One of the standout features of the Porsche Taycan is its incredible promised 350kW charge rate. Tesla has updated its Model 3 to have a 250kW charge rate, which is available on Tesla’s V3 superchargers.
At first glance, this looks like a loss for Tesla. But it’s not. Because of Porsche’s low efficiency, it turns out that almost every Tesla adds more range per minute at peak charge rate than the Taycan does – and some by a significant margin.
We learned this week that the Porsche Taycan has a 69mpge rating from the EPA. This is lower than any electric car currently on sale in the US.
The Model 3, in contrast, has the highest efficiency of any car ever rated by the EPA. With Tesla’s most recent updates, the Model 3 now beats the Hyundai Ioniq electric, which had been the previous efficiency champion. This is also due to a drop in the Ioniq’s efficiency because of the larger 170-mile battery in next year’s model.
In fact, at 141mpge, the 2020 Model 3 SR+ is more than twice as efficient as the Taycan Turbo. The Model 3 Long Range scores 130mpge according to the EPA.
The Model S is no slouch either, with up to 111 mpge. The Model X brings up the rear in Tesla’s stable, with a modest 96mpge for the Long Range version due to the bigger form factor.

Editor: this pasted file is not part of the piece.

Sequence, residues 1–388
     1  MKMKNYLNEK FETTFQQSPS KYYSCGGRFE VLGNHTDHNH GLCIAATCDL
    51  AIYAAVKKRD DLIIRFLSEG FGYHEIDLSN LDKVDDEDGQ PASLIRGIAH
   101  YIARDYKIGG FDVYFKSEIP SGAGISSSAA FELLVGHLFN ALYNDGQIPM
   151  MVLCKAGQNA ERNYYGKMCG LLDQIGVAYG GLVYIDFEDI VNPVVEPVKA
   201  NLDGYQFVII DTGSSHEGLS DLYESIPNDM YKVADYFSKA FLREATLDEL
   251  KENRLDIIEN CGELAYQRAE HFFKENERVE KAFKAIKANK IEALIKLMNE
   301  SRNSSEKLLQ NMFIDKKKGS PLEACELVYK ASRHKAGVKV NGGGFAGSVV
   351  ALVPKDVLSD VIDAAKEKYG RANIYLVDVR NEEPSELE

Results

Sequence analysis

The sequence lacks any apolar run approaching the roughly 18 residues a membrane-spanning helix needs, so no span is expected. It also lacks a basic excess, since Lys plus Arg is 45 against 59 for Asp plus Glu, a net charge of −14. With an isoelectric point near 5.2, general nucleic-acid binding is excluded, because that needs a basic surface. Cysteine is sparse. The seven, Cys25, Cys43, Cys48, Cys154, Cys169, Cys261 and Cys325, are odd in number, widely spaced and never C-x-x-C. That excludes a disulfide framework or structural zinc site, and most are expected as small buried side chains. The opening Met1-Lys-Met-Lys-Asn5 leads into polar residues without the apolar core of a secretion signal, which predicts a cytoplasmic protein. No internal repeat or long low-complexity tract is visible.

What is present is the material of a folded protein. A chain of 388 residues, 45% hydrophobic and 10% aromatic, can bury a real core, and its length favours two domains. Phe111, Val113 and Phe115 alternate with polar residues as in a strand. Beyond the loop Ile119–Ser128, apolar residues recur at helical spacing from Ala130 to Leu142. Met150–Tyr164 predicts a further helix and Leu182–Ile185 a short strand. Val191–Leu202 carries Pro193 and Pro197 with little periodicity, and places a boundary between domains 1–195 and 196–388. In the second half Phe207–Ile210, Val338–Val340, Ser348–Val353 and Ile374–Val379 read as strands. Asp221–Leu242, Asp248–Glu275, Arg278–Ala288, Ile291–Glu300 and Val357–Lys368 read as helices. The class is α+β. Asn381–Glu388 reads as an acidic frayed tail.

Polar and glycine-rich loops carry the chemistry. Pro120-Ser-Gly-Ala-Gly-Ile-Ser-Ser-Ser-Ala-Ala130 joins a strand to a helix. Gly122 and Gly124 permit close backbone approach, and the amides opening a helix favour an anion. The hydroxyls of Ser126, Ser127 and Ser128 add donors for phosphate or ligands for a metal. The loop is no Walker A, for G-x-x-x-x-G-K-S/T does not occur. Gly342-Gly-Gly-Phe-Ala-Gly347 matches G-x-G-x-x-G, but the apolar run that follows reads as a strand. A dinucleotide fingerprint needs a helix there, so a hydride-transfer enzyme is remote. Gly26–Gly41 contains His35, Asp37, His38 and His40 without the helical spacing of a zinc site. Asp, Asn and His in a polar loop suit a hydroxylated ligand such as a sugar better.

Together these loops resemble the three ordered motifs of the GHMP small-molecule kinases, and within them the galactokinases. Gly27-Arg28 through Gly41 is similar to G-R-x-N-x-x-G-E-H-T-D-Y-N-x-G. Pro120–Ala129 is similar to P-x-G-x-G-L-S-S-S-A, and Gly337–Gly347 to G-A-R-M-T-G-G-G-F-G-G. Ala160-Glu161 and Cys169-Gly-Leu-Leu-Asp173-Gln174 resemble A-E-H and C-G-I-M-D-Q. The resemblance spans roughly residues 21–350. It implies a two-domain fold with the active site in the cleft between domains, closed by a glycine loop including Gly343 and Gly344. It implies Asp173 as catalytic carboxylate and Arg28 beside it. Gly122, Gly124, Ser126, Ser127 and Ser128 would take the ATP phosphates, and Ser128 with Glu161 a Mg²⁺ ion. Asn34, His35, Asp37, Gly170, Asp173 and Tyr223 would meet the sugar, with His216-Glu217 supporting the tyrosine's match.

Teslas have recently been updated with improved charge rates, with Model 3 Long Range capping out at 250kW, Model S and X topping out at 200kW, and Model 3 SR+ with a max 170kW rate. Some of these rates might rise further in the future.
The Taycan can charge at up to 250kW now, but a software update will enable 350kW in the future. Porsche can reach such high rates because they use an 800-volt charger, whereas most other DC chargers are 400 volts. A Porsche has already charged at 270kW on an Electrify America station, using prototype software.
What do all these numbers mean? Let’s look at the approximate miles added per ten minutes at peak rate:
- Porsche Taycan Turbo, 490Wh/mi, 250kW/350kW charge rate: ~85 miles in ten minutes of charging (119 after promised update)